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Thread: Long Distance Lining!!

  1. #1
    Senior Member Stephen Whitley's Avatar
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    Default Long Distance Lining!!

    After running our first master test last weekend my mind has been working overtime! What do these guys(pros) do to maintain or improve a dogs' lining skills? Lardy says that dogs learn to go straight through handling. Do pros do anything other than handle to make a dog go straighter for a longer distance? My dog handles very well at this point. However, I would love for him to line a blind in a test just once!!! And I know that judges should set up a blind that should cause the dog to have to be handled. But, still, I see a few master dogs line the blinds. I want to be that guy one time! Do pros do lining drills for their advanced dogs or do they just set up blinds and run them and handle and not worry about how long the dog holds his line? I would think for field trial dogs that they have to do something to keep them on line for a long distance since the straightest line wins. What do they/you do? Thanks!
    Stephen

  2. #2
    Senior Member JS's Avatar
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    They do a lot of things that mostly just stretch the dog out.

    Set up super long blinds and follow the dog out to stay within a "controllable" distance.

    Try to "always" set up your blinds at the end of the field or the end of the pond. That gets the dog in the mindset that when you say "dead bird" or whatever, he thinks he's going to the horizon.

    Run 3 or more back to back in a session.

    JS
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    Jack's right, run longer blinds. I often am running 200 yard blinds or better even though I am running dogs in the hunt test arena and will seldom see blinds over 100 yards as per the rule. The idea is if you can run a dog on a 200 yard blind and maintain control of him out there, then a 100 yard blind may be a lot easier. Your dog and you will have more confidence. It is kind of like the guy who has been throwing all his marks from his side by hand and then when the dog has to go out on a 100 yard retrieve, the dog stops at precisely the point that the handler can hand throw a bumper and begins his hunt there. So if you train long on blinds, the dog is going to perhaps take that first 100 yards straight as an arrow with a head full of steam.

    However, you can't just run long blinds and expect to be lining the blind. You have to have a dog that is confident at the beginning while you are setting him up and is looking out into the field and picking out his target, and that target better be the same one as you have in mind. You also need to run lots of blinds with factors, whether it be a point to go over, an obstacle to go over, under or through, suction form the bird crates, holding blind, gunner or old fall.

    Now with that said, I don' tknow anybody that trains with the idea of "lining the blind." They train to handle challenging blinds with as much style, perseverance and control as they can. If the dog lines it, WOOHOO! You got lucky. And if the blind is one that a lot of dogs are lining, the judges are probably not real happy with the test and wish it might have been a little more challenging. Been there, done that on both accounts.

  4. #4
    Kristie Wilder
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    Lining drills don't teach dogs to carry straight lines over distance. They are basically to teach an INITIAL line. I follow Mike Lardy's program, so I naturally agree with him.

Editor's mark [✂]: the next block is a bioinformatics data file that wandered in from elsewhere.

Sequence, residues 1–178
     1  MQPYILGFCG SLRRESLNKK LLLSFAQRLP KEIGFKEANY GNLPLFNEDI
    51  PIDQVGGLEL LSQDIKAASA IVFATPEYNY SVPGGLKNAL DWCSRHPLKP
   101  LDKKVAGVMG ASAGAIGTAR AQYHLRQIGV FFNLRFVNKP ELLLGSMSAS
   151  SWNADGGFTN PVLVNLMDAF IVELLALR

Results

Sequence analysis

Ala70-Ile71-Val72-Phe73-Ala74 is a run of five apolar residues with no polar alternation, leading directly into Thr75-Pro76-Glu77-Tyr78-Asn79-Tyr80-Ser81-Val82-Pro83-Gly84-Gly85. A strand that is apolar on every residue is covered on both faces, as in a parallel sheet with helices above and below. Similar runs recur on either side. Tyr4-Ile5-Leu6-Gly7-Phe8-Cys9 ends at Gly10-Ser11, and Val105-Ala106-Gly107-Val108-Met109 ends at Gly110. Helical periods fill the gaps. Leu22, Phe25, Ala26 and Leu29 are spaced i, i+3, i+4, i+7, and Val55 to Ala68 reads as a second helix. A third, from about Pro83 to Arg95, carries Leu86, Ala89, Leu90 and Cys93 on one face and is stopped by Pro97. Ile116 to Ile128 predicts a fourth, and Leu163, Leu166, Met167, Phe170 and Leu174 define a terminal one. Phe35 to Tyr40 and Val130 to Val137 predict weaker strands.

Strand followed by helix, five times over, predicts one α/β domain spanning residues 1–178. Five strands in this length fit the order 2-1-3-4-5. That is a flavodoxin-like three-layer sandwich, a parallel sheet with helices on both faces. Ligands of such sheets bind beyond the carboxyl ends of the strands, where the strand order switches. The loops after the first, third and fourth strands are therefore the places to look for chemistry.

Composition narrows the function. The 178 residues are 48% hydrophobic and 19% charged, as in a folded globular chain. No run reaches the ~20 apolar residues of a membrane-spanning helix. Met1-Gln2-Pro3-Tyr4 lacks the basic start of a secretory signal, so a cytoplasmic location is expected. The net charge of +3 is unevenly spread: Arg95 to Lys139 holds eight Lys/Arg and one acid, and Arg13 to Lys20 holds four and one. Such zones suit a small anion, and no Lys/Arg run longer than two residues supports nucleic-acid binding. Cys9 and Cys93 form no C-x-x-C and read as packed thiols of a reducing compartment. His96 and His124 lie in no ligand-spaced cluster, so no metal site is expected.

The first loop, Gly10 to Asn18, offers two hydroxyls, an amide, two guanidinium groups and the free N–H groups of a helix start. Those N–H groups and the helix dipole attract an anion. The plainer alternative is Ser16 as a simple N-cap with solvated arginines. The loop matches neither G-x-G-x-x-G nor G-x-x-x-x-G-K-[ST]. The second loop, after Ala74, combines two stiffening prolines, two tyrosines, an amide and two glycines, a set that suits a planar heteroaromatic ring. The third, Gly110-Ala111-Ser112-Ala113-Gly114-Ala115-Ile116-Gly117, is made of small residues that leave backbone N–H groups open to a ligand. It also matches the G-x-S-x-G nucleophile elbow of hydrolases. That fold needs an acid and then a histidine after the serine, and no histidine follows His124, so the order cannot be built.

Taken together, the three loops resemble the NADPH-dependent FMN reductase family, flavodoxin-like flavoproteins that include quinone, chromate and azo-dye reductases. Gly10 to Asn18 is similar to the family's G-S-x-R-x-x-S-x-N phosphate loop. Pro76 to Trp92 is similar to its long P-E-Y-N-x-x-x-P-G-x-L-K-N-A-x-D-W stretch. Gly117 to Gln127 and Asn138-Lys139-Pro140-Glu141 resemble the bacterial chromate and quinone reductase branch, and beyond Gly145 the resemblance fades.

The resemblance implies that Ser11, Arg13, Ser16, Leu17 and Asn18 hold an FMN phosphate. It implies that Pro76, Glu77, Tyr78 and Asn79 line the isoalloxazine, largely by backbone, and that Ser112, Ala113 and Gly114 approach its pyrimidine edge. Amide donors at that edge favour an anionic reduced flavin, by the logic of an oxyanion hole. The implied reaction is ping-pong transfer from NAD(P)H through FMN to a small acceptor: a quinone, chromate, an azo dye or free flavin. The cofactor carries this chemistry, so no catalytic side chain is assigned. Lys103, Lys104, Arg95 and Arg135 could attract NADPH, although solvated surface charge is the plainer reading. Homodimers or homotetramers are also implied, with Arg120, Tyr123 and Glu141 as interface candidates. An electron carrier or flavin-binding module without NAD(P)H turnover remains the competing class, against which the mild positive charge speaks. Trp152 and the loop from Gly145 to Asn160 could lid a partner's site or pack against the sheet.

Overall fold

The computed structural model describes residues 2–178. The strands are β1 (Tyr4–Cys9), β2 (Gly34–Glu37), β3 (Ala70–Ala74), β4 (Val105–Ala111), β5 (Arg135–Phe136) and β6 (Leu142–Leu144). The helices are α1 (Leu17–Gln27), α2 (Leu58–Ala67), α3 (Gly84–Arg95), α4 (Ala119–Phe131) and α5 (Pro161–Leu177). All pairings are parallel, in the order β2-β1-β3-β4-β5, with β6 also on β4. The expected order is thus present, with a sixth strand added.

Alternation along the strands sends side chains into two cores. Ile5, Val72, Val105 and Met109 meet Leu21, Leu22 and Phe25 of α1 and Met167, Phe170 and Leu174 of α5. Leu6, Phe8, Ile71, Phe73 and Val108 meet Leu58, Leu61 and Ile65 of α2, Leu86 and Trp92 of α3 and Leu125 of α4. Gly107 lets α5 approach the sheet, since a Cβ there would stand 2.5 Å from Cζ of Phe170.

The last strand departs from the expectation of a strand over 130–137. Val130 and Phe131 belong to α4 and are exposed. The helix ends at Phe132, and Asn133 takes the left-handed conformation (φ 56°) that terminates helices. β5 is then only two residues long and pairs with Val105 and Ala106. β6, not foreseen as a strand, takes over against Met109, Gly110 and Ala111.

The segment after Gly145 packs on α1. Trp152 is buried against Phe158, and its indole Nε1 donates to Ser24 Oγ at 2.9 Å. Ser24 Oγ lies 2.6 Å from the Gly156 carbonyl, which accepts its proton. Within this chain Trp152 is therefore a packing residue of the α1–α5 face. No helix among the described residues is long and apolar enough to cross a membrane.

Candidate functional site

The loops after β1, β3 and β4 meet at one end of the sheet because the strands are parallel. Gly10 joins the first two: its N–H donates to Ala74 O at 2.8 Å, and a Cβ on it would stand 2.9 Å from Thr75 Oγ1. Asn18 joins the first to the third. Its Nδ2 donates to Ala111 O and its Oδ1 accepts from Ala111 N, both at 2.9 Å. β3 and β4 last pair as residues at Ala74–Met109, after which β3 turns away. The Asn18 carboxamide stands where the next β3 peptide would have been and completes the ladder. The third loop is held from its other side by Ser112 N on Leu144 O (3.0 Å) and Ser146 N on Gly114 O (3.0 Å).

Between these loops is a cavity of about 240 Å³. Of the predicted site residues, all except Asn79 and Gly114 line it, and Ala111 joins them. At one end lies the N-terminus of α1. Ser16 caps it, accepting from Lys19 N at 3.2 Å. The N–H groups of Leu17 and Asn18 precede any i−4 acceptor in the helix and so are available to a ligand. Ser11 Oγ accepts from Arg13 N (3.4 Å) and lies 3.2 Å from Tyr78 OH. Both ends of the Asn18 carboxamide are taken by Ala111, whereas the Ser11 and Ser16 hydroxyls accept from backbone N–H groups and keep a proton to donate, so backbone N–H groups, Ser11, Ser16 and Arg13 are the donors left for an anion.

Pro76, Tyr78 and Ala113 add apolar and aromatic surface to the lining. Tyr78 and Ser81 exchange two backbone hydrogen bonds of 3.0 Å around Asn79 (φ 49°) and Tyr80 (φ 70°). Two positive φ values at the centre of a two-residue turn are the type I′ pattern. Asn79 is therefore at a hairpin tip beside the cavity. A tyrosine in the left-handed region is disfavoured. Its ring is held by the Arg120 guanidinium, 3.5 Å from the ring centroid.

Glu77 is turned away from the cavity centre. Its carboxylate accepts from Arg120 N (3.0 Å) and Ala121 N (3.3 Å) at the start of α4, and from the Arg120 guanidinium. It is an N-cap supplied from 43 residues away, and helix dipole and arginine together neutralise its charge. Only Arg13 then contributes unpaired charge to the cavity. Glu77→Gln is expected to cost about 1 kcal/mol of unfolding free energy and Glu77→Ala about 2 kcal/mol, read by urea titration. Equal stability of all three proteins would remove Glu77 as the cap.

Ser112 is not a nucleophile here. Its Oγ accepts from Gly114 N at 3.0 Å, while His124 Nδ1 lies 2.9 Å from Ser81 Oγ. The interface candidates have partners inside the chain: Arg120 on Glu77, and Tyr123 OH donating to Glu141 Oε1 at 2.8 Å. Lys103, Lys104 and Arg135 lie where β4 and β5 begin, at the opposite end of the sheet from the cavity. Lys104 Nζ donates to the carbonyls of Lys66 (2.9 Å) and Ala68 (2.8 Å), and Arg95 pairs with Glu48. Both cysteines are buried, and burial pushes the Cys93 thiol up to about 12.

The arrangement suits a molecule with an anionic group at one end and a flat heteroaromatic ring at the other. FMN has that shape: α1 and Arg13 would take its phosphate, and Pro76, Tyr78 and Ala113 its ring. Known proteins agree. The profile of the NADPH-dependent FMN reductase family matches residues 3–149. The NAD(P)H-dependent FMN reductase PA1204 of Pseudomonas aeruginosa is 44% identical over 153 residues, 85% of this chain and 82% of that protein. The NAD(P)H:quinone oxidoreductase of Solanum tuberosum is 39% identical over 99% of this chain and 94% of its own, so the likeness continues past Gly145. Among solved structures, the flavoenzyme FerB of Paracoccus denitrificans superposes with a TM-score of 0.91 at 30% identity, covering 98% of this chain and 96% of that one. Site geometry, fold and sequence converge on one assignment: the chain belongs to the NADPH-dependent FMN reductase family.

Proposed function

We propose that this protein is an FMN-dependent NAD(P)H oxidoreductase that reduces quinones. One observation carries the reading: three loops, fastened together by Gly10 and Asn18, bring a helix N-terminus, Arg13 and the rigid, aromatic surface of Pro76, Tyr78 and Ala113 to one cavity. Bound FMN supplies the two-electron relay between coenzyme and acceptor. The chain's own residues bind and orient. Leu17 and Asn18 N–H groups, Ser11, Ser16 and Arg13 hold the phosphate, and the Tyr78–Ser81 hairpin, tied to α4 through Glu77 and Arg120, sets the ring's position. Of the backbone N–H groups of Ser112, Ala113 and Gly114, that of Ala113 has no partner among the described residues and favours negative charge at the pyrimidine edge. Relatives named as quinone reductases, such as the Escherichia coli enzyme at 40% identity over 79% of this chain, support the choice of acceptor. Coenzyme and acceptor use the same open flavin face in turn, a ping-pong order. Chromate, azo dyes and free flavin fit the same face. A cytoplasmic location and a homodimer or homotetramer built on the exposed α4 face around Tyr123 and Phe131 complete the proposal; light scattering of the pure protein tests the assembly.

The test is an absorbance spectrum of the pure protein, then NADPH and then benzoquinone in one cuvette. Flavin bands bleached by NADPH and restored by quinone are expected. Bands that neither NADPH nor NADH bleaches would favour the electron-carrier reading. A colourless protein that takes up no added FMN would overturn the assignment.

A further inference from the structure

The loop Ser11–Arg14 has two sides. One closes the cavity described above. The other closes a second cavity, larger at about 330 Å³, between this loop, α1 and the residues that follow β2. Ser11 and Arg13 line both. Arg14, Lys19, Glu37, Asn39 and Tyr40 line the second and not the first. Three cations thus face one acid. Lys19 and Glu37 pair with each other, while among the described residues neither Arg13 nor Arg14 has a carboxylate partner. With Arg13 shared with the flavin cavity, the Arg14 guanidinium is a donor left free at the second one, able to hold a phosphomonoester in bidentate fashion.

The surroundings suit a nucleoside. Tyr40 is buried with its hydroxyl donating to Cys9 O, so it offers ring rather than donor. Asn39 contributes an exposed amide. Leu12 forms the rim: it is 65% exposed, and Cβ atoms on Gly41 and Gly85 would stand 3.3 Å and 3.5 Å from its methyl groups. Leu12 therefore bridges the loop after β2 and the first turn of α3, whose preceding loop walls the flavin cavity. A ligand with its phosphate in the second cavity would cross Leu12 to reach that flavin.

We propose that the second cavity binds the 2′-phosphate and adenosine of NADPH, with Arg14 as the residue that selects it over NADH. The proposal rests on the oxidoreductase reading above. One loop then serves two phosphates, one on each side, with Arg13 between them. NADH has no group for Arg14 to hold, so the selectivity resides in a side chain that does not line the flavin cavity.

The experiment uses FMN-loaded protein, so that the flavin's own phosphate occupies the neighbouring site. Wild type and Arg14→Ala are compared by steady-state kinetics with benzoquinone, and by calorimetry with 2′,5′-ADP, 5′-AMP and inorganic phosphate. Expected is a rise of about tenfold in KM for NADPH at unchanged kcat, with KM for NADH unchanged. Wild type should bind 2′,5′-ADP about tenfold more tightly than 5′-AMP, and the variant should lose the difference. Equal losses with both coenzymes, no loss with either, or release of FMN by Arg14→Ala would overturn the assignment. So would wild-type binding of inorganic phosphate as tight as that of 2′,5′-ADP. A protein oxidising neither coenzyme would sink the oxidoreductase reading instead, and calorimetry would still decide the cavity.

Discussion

Here's what happens over a period of time, typically 6 or more months once your dog starts running blinds:

    1) The first blind "experience" your dog has is typically pattern blinds. These are taught/known destinations. Dogs frequently line them quite easily for that reason. What we are doing here is building MOMENTUM. We just want the dog to go, go, go when sent on back. And then to simply distinguish between three different blinds -- ALWAYS in the same place, same field. We ONLY enforce go/stop/come. We do NOT look for precision casting. We simply want the dog to change direction when cast, even if it's not a perfect cast. As long as they make an EFFORT that's all we need at that point in training.

    2) In Mike Lardy's program, we then move to blind drills. These are taught single blinds where we then introduce a gunner to the field and then a throw -- we run the blind one or more times before the gunner is introduced, after he's introduced and then after he throws a mark. This teaches the dog to change direction off distractions. So now we've advanced to a more complex scenario where we're teaching the dog to understand the change in direction with something (the gunner) en route to the blind.

    3) At this point, we've either done or are also doing or will do... Pattern blinds with diversions. Back to the pattern blind field with marks set within the pattern blinds. Run a blind, throw a mark, run a blind, run another blind, throw a mark. We mix it up and again, add complexity to the changing of direction.

    4) Then we're typically ready to run our first cold blinds. They're on flat, featureless fields with the wind at our back if there is any. We again simply ask for go/stop/come and a change of direction. And, while we'd LOVE to line all these blinds, we are working on MOMENTUM. They may look like giant zigzags on paper and that's ok.

    HERE is where LINES start to develop....

    All of our dogs early cold blinds are for MOMENTUM only. We are NOT trying to get them to take factors. We are just reinforcing the most basic concepts of blind running -- go/stop/come/change direction. Pressure is used sparingly, but if necessary. Attrition is used if the dog has problems changing direction -- for the most part, but it varies from dog to dog.

    So, picture this... A first cold blind may look like a giant zigzag on paper. Over time, as the dog understands what a blind is, you'll see he'll get better at initial lines and you can tighten up that zigzag. When you do it right, you begin seeing LESS NEED for casting. The dog is starting to understand and is carrying lines and casts farther and farther.